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Title:
OSCILLATING VANE ACTUATOR APPARATUS AND METHOD FOR ACTIVE FLOW CONTROL
Document Type and Number:
WIPO Patent Application WO/2008/048217
Kind Code:
A2
Abstract:
An oscillating vane actuator for active control of fluid flow over a surface (24) includes a pivoted vane (16) surrounded by a wedge-shaped chamber (18), and first (20) and second (26) conduits with openings adjacent the surface (24). The actuator also includes a rotating shaft with a connecting rod to actuate the vane (16) in a oscillatory manner." As the vane (16) travels in one direction, fluid is forced out from the chamber through the first conduit (20) and opening (22) into the fluid stream adjacent the surface, while fluid is simultaneously drawn in through the second opening (28) and conduit (26) into the opposite side of the chamber (18). Similarly, when the vane (16) travels in the opposite direction, fluid is forced out through the second conduit (26) and opening (28) into the fluid stream adjacent the surface (24), while fluid is simultaneously drawn in through the first opening (22) and conduit (24).

Inventors:
POWELL, Arthur, G. (14134 Windjammer Lane, Westminister, CA, 92683, US)
Application Number:
US2006/029118
Publication Date:
April 24, 2008
Filing Date:
July 26, 2006
Export Citation:
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Assignee:
THE BOEING COMPANY (100 N. Riverside Plaza, Chicago, IL, 60606-2016, US)
POWELL, Arthur, G. (14134 Windjammer Lane, Westminister, CA, 92683, US)
International Classes:
B64C21/02
Attorney, Agent or Firm:
WOO, Euclid (THE BOING COMPANY, MC 110-SD54P.O. Box 251, Seal Beach CA, 90740-1515, US)
Download PDF:
Claims:

What is claimed is:

1. An actuator for displacing a fluid to alter flow characteristics near a surface, comprising: a vane configured to displace the fluid, the vane having a first face and a second face; a casing configured to at least partially surround the vane, the casing having a first side toward the first face of the vane and a second side toward the second face of the vane; and a first orifice that opens into the casing from the first side of the casing, wherein the fluid is expelled from the first orifice when the vane travels toward the first side of the casing, and the fluid is drawn into the first orifice when the vane travels toward the second side of the casing.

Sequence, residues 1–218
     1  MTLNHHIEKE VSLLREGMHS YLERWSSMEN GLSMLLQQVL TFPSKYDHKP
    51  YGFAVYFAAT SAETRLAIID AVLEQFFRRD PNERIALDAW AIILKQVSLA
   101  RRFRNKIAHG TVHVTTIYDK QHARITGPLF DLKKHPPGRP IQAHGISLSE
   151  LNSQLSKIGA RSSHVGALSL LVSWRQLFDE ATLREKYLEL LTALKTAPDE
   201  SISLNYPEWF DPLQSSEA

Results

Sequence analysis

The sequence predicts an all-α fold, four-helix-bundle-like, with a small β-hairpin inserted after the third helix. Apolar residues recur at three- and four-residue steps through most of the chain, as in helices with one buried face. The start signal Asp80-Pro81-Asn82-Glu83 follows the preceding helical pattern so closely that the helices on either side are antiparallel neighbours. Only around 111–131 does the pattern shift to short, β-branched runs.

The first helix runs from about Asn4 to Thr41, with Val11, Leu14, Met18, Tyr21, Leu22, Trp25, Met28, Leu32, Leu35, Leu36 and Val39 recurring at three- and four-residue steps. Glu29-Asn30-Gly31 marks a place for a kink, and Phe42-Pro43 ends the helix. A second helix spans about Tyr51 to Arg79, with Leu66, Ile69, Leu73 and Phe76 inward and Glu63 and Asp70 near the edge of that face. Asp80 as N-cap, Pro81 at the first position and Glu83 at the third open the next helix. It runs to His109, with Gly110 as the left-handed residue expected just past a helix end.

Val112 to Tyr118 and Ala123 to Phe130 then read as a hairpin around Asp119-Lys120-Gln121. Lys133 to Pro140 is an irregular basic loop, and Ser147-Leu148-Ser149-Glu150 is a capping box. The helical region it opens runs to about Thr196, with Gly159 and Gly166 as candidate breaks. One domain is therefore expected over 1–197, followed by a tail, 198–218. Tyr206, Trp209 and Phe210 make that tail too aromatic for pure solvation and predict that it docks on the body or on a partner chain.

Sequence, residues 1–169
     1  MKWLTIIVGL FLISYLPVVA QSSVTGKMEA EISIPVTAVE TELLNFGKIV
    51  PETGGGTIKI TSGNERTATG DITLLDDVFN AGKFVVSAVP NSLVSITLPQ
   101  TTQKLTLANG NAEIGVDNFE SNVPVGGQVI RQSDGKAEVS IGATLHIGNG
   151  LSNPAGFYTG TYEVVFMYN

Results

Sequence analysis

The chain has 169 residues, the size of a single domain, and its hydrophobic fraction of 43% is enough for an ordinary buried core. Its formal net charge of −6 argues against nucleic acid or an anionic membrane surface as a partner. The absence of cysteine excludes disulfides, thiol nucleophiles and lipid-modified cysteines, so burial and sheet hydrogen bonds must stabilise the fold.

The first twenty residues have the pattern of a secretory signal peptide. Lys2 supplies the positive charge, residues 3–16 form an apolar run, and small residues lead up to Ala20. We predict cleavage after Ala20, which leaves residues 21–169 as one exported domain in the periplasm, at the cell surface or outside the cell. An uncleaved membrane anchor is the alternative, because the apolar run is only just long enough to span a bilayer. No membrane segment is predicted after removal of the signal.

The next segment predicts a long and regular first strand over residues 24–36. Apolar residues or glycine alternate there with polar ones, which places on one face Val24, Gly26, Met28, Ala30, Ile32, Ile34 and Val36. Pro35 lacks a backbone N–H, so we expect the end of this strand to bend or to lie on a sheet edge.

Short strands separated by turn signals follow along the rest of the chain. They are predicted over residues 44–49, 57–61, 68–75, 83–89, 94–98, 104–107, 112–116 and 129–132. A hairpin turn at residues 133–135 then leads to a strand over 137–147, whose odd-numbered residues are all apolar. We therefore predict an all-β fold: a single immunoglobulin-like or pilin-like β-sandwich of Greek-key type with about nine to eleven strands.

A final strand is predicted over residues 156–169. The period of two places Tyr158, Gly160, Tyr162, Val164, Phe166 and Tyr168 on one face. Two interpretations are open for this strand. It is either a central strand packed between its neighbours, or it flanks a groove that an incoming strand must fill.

2. The actuator of claim 1 , further comprising a first conduit configured to convey the fluid into and out from the casing by way of the first orifice, the first conduit having an opposite first opening that opens into a fluid stream adjacent the surface.

3. The actuator of claim 2, wherein the first opening is configured to direct the expelled fluid generally toward a direction of flow of the fluid stream.

4. The actuator of claim 2, further comprising: an intake conduit that branches off from the first conduit, the intake conduit having a normal intake opening that opens into the fluid stream adjacent the surface upstream of the first opening; and a one-way valve installed in the intake conduit to inhibit fluid flow out through the intake opening, and to allow fluid flow into the intake opening and through the intake conduit to the first conduit.

5. The actuator of claim 1 , further comprising a second orifice that opens into the casing from the second side of the casing, wherein the fluid is expelled from the first orifice and drawn into the second

orifice when the vane travels toward the first side of the casing, and the fluid is drawn into the first orifice and expelled from the second orifice when the vane travels toward the second side of the casing.

6. The actuator of claim 5, further comprising: a first conduit configured to convey the fluid into and out from the casing by way of the first orifice, the first conduit having an opposite first opening that opens into a fluid stream adjacent the surface; and a second conduit configured to convey the fluid into and out from the casing by way of the second orifice, the second conduit having an opposite second opening that opens into the fluid stream adjacent the surface.

7. The actuator of claim 6, wherein the first opening and the second opening are configured to direct the expelled fluid generally toward a direction of flow of the fluid stream.

8. The actuator of claim 1, wherein the vane and the casing are further configured to have a substantially fluid-tight clearance between a perimeter of the vane and an inner wall of the casing.

9. The actuator of claim 1, further comprising: a drive shaft operably coupled to the vane, wherein the drive shaft is configured to transfer a motive force to actuate the vane in order to move the vane in an oscillating motion; and a rotational actuator coupled to the drive shaft and configured to rotate the drive shaft.

10. The actuator of claim 1, further comprising a pivot, wherein the casing defines an internal wedge-shaped chamber and the pivot is coupled to the casing and the vane is coupled to the pivot such that the vane can rotate within the chamber in an arc about a longitudinal axis of the vane.